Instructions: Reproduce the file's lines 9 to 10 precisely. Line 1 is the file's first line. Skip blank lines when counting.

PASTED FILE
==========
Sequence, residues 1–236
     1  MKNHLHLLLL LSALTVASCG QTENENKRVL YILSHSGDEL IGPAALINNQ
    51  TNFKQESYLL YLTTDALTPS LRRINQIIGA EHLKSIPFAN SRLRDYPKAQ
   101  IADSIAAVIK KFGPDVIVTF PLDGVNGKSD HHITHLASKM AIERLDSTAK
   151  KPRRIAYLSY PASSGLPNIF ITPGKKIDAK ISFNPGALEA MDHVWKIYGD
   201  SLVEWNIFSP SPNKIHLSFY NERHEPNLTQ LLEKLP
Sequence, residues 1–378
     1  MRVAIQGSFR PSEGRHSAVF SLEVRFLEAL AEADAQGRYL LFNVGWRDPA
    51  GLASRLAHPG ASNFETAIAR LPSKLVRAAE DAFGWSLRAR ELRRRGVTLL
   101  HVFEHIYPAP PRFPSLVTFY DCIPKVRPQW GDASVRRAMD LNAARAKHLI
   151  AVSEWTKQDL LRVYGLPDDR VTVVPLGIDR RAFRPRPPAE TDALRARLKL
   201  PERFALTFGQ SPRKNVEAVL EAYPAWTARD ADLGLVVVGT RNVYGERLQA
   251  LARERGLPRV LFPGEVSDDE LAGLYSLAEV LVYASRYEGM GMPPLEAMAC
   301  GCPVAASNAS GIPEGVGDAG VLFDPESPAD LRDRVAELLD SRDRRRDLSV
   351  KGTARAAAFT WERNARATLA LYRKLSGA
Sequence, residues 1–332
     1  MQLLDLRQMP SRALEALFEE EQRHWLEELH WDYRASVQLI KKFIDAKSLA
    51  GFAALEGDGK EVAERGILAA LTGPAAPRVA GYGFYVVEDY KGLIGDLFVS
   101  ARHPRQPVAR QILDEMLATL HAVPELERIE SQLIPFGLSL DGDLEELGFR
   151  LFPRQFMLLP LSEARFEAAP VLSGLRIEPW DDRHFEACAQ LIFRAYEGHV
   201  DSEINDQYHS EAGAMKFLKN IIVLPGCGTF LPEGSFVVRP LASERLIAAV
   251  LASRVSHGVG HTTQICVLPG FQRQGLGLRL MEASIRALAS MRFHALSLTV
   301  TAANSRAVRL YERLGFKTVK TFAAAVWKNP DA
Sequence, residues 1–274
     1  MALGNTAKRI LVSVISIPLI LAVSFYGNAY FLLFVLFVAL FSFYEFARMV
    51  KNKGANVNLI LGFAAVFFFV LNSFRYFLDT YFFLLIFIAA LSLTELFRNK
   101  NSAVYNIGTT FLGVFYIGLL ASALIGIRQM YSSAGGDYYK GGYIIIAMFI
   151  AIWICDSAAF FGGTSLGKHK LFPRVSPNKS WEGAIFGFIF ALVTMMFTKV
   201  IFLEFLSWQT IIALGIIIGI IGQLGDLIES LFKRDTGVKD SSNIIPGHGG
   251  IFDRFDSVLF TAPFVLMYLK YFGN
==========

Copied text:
    51  GLASRLAHPG ASNFETAIAR LPSKLVRAAE DAFGWSLRAR ELRRRGVTLL
   101  HVFEHIYPAP PRFPSLVTFY DCIPKVRPQW GDASVRRAMD LNAARAKHLI